Drawing Sydney (not all cafes)

Well it’s been a while since I posted, mainly because I have been busy finalising my first solo exhibition in Sydney, (more of that in another post). We had to drive up from Canberra for the installation so once we arrived we had some spare time to get some sketching done.

You probably won’t be surpised that this has meant sitting in cafes and sketching, although it’s also been about taking the opportunity to look out at the busy urban settings as much as drawing people. We are staying in the inner-ish suburb of Strathfield, close to the railway  station. It’s a lively area with plenty of activity all day.

Early morning coffee sketching at Maldini’s Espresso. The place across the road must have the good dumplings because there were always queues there at night.

The area also has a very strong Korean focus. You can’t go wrong with Korean barbecue restaurants and the style and content of the local grocery and specialty shops is a far cry from what we have in our local area. It makes a heady mix for us sketchers!

We also spent some time at the Art Gallery of New South Wales,  where I had just enough time to sketch some sculptures as fit in another cafe sketch.

Lyndon Dadswell, The Birth of Venus, 1944. One of a number of smaller sculptures displayed together.

I love the way these groupings of sculptures relate to each other and the art around them. It was a bit of a challenge to see enough detail in the Dadswell sculpture to draw it, as it was silhouetted against a bright window. The view of the back of the sculpture was much better lit. Unfortunately I didn’t have enough time to sketch that as well.

The rear view of the Birth of Venus by Lyndon Dadswell.
One final cafe sketch.

A brief encounter

I am at the end of a very brief encounter with Ikara-Flinders Range National Park and I would desperately love to be giving it more attention.

The southern end of Wilpena Pound with a headcovering of cloud.

We have just spent the second of two full days staying at Wilpena Pound. Tomorrow we leave. The weather has been vile. Cold, rainy and blowing a gale. But, but, but … it’s breathtaking.

The view from Razorback Lookout with a rainbow between showers (PS that funny line in the photo is one of the wires around the lookout).

We have sketched from our car, all of the first day and some of our second day. But my biggest frustration with this experience is finding my own voice because I seem to be painting other people’s paintings.

Australians will have some familiarity with the work of watercolourist Albert Namatjira and possibly with photographer Harold Casneaux, whose image ‘Spirit of Endurance‘, was made only a short distance from where we are staying.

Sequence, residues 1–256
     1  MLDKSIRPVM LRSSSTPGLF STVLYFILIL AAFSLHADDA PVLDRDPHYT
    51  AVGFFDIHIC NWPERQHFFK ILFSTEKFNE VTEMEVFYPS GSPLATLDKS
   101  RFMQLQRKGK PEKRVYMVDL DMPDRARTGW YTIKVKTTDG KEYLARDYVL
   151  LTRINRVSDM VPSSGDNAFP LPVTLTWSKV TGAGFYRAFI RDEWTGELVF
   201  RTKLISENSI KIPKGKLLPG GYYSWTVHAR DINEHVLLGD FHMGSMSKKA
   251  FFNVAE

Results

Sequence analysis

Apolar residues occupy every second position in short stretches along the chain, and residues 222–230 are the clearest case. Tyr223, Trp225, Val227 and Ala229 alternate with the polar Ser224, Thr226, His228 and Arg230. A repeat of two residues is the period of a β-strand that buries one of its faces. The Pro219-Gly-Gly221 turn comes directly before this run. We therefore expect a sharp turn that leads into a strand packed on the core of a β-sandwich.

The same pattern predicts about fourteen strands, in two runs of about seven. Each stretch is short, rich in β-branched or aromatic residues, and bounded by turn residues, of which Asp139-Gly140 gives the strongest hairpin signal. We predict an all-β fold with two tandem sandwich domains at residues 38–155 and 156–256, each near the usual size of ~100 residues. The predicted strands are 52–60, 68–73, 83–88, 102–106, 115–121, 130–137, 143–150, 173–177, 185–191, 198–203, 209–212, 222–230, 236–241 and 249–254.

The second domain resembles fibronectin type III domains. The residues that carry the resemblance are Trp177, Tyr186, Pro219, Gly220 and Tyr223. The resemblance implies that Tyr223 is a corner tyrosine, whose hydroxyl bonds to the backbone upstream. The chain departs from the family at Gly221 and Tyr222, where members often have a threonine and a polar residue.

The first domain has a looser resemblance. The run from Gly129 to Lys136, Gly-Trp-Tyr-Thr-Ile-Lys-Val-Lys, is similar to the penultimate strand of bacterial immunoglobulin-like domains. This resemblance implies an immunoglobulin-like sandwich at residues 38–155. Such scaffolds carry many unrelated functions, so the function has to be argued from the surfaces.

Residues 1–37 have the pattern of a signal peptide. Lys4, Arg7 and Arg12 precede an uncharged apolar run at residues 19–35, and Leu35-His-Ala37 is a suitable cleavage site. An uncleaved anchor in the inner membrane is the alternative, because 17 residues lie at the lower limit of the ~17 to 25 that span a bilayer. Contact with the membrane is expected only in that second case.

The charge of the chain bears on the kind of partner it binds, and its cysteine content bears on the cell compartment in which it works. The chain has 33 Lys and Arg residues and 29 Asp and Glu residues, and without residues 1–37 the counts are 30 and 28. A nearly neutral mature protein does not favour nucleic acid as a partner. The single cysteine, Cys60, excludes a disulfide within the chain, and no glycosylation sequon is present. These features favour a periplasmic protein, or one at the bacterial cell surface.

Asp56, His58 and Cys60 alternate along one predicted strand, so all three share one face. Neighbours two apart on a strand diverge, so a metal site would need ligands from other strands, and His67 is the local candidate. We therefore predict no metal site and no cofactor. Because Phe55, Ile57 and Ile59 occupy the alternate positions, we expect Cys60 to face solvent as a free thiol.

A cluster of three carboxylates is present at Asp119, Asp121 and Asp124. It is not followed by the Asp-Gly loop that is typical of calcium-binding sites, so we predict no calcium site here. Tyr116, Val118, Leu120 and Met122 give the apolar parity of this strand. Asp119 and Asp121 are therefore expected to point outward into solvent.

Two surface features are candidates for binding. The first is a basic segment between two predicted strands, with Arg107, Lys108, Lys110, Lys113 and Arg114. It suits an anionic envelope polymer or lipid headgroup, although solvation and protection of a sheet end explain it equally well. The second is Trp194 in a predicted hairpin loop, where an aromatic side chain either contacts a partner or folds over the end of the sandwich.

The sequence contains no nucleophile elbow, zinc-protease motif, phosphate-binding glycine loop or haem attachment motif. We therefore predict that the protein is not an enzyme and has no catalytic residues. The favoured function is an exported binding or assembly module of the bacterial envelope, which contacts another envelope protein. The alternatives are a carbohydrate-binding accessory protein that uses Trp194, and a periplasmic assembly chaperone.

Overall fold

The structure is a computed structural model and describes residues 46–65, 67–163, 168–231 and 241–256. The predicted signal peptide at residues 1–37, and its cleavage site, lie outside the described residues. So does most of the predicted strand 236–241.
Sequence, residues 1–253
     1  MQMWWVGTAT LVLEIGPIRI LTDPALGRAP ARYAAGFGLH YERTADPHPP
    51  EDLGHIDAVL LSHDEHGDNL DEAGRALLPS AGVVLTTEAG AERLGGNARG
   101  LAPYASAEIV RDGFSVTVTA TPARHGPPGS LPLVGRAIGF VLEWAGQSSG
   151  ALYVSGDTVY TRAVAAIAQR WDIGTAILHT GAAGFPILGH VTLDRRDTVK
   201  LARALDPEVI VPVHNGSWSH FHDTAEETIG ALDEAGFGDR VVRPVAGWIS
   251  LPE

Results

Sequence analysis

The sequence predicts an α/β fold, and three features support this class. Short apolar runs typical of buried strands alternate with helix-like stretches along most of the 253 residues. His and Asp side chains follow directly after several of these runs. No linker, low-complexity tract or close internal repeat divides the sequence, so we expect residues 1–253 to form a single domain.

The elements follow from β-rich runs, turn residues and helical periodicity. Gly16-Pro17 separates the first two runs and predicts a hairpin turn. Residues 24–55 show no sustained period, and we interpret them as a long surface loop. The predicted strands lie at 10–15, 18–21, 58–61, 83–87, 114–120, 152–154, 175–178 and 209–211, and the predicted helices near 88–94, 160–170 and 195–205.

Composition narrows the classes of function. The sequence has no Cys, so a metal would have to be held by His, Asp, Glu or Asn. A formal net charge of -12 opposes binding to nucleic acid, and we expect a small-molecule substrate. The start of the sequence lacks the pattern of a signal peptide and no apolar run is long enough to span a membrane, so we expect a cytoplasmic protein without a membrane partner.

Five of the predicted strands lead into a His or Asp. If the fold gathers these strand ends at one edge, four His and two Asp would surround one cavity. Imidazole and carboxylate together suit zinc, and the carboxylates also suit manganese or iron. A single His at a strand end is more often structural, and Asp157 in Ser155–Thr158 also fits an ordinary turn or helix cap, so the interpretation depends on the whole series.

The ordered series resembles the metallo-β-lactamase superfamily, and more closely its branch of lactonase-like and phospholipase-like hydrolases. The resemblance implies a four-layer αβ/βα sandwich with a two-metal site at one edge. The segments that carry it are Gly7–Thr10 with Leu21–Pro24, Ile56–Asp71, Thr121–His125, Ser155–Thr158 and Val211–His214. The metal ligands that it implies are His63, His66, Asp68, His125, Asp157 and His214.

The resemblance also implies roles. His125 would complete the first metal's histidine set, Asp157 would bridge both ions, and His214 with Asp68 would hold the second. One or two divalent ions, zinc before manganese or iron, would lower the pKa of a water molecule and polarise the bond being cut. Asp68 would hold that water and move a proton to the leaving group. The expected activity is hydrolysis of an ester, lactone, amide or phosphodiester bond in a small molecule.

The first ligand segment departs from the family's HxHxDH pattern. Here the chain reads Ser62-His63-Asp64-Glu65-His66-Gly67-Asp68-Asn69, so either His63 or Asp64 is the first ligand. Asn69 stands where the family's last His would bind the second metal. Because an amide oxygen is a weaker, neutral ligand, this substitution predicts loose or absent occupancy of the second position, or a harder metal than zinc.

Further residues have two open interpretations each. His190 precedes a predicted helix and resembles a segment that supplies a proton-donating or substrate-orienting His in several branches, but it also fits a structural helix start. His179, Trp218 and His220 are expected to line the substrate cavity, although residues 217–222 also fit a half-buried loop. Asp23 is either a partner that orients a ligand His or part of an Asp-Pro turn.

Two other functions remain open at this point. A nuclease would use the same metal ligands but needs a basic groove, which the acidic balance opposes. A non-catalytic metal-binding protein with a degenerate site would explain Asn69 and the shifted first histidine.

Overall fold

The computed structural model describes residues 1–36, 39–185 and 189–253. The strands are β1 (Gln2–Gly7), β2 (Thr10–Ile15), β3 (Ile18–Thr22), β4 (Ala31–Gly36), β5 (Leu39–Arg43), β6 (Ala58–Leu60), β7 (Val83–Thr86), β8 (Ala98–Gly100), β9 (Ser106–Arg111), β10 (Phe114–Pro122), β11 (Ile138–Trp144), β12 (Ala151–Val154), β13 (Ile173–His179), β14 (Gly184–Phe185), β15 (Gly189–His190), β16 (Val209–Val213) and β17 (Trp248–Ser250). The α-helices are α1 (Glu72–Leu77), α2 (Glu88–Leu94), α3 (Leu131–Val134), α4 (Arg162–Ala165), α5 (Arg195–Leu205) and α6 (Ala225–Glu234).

So when I start painting I see Namatjira’s work floating in front of me. It’s a challenge to paint with that over your head. However, the more I  thought about it I realised that I should learn from those artists, before I worry about my own style.

Late afternoon light on Wilpena Pound.

Obviously I just need to get on with it.

Wilpena Pound from Bunyeroo Gorge drive.

Two more farm sketches

Our hope for a day of sketching more at the farm disappeared along with the good weather.

As there were cows on hand, so to speak, I decided to start with them. In fact this is one cow and several calves, two which have been abandoned by their mothers and one belonging to said cow.

A cow and calves. Felt tip pen and watercolour.

I then moved back to the riding arena (the family breed stock horses) and sketched this still life. The orange ‘ropes’ are slings used in conjunction with the heavy machinery for lifting things.

Farm equipment on the wall. Watercolour and pencil.

Three sketches outside Stanhope New South Wales

It’s a cliche but when I arrived at the farm yesterday I did feel my shoulders relax.

I spotted several points to sketch on my walk this morning so I set about working pretty quickly.

Looking down the road to the mountains. Pen and ink and watercolour.
The skies were amazing so I tried a cloud study.
The two pages of my sketchbook.
Part way through my 3rd sketch, trying to block in big shapes with some wet into wet painting.
The finished sketch. The most accurate colour is the red triangle in the foreground, which is a dam covered in duckweed.